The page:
Glow in the dark
My high school classmate and I closed the curtains.
We turned off the ceiling lights and laid ourselves flat on the floor as darkness and silence enveloped us.
We gasped as we contemplated a stellar sight above us! Planets, stars, comets, astronauts, satellites and Snoopy!
Snoopy in space? Nope, just one more glow-in-the-dark sticker pasted on the ceiling.
But it was an unforgettable experience!
Today, I imagine that young people will not be as thrilled by the same cold static plastic glow-in-the-dark stickers we mounted.
Besides, who wants to go through such a tedious bit when you can have your own glow in the dark wherever you are.
These new glow-in-the-dark toys are their smartphones, tablets and laptops. And do they alarmingly glow!
Our gadgets are amazing tools that can help us work better, rest in many forms more than one.
But they are also gradually transforming our nights into day, that is, gadget use has reached alarming levels that are now depriving –both young and old– of an essential ingredient for their health and sanity: sleep.
Studies are revealing the young, especially those between 16-19 of age, are sleeping less hours every day. Girls seem to spend half the number of hours on gadgets than boys who average around six and a half hours daily.
This “zombic pattern” among the young, not to mention unwanted side-effects on the eyes, takes a heavy toll on their body clock.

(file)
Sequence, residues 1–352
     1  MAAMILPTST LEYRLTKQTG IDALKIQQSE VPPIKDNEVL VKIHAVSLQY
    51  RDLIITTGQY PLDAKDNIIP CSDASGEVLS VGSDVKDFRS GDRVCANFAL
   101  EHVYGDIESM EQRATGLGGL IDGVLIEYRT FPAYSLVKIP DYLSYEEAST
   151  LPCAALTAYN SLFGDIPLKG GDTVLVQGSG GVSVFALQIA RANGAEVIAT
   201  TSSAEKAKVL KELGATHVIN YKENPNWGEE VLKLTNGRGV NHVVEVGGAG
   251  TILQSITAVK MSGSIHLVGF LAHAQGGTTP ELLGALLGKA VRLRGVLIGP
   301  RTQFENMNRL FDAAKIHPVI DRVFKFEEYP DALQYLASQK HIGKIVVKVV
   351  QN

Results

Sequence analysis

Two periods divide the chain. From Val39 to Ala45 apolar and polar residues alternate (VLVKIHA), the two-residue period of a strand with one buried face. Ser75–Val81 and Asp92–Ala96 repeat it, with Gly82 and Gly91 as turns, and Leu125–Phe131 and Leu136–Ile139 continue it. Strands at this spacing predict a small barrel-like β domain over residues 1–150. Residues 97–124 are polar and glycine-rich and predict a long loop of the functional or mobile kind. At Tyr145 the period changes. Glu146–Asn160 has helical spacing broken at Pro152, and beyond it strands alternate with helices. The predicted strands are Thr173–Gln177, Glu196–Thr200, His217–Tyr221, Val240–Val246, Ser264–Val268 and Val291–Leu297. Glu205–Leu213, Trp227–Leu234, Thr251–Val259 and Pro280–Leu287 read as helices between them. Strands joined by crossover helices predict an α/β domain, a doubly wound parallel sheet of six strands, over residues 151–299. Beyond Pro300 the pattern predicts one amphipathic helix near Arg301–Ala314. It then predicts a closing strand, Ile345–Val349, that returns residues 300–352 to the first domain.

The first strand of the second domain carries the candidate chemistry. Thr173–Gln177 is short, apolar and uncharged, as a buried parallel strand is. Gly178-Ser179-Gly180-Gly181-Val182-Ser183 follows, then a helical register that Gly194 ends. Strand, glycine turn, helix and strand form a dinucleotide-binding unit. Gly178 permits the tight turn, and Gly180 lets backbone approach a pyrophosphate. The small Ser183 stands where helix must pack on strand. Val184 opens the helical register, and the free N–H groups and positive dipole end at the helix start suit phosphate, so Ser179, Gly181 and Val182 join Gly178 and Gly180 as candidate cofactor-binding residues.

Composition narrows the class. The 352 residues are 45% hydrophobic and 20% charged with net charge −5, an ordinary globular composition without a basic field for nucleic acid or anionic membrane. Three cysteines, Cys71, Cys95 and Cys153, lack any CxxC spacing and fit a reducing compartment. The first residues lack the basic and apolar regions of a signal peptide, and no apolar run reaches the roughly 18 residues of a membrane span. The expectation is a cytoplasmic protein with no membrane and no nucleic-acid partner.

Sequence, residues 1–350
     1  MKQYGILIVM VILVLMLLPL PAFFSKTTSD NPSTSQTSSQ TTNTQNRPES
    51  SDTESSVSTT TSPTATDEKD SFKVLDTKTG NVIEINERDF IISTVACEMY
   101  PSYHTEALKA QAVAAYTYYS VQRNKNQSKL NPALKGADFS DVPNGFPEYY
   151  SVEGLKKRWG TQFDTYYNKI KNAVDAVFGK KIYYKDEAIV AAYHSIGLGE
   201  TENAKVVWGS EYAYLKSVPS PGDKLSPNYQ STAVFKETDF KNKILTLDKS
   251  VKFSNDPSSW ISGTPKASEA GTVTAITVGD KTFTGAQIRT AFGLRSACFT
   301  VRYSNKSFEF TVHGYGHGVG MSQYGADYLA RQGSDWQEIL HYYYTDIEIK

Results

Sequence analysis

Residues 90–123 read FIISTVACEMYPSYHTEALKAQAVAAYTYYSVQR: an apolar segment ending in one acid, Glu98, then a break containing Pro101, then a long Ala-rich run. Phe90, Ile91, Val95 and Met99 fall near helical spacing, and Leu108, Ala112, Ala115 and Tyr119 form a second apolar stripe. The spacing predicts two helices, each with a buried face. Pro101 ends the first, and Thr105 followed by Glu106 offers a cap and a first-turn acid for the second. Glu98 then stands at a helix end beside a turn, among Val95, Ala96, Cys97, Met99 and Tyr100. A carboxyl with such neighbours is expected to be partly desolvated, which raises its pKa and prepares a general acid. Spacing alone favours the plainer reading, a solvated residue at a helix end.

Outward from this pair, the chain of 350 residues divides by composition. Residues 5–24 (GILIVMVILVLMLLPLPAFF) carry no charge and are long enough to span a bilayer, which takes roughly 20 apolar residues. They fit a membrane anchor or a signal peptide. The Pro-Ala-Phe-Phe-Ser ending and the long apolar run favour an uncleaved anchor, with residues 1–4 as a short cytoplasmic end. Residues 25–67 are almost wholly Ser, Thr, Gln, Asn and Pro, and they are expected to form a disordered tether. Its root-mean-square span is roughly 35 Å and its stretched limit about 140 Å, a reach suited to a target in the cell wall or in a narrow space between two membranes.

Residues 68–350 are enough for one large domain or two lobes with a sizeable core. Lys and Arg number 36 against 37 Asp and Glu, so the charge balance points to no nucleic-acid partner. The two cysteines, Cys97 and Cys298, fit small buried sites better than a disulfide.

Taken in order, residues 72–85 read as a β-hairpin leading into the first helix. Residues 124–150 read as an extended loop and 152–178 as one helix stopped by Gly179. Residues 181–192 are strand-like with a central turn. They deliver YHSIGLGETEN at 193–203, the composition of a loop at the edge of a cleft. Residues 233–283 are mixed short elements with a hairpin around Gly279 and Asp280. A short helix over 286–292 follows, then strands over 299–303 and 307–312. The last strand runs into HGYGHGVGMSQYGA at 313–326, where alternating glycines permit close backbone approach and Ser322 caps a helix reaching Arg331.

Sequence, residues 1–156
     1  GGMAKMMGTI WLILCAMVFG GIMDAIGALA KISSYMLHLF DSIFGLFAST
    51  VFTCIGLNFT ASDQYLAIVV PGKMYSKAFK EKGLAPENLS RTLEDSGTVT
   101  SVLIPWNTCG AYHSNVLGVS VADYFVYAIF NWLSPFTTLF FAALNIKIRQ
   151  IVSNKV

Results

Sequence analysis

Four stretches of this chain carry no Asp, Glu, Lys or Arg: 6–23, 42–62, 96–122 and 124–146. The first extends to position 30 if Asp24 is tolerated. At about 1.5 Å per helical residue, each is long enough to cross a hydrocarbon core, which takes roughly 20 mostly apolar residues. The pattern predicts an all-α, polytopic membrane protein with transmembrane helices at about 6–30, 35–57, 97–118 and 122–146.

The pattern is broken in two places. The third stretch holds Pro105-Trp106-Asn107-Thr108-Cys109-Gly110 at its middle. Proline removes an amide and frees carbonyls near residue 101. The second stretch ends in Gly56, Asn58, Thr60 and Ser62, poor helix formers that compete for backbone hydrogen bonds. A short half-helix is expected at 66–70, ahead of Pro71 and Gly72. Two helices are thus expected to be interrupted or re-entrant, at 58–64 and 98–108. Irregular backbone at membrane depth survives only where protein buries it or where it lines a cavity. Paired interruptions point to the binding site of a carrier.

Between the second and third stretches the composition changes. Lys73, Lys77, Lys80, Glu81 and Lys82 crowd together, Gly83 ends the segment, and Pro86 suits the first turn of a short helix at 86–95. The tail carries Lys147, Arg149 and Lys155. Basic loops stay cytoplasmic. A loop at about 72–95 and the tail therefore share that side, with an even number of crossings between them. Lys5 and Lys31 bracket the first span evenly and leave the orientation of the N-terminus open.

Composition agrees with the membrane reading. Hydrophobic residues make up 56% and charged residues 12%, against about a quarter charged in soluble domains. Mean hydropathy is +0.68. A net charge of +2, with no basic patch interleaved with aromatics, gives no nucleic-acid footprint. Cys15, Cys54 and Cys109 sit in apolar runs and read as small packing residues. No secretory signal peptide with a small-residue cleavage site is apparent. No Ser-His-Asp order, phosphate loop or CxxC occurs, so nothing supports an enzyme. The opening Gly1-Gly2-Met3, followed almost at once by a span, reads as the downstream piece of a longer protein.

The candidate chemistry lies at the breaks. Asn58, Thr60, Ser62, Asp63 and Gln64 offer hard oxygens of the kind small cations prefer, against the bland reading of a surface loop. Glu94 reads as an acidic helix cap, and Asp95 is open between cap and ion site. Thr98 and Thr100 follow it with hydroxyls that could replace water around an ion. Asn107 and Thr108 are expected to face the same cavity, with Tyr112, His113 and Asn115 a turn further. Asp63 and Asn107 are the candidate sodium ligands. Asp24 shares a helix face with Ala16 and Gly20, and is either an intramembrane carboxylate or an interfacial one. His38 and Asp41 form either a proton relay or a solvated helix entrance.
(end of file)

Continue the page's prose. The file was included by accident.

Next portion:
Thus, one observes “a decrease in memory, a decline in grades” as sleep and energy expert Dr. Nerina Ramlakhan revealed in an interview with BBC.
But there’s a more sinister glow to this lifestyle: depression.
Do we perhaps wonder why there is an increasing pattern of young people committing suicide? Netflix’s “13 Reasons Why” gives us some hard reasons why some young people feel life isn’t worth living.
But if the young aren’t able to cope with certain life trials, could it be due to disruptions in their body’s internal clock causing mood disorders that in turn make it hard for them to think straight, seek help and resolve their issues.
In a study of 91,000 people, Lancet Psychiatry  found a correlation between a malfunctioning body clock (due to lack of sleep) with depression, bipolar disorder and other illnesses.
The study may not have looked into smartphone use, but the researchers believe that many of those who had problems might be engaged in social media at night.
If this sleepless cycle is not addressed early enough among youth, it may be harder to lead them out of the labyrinth of their inner webbings because they are already blinded by this nocturnal glow.
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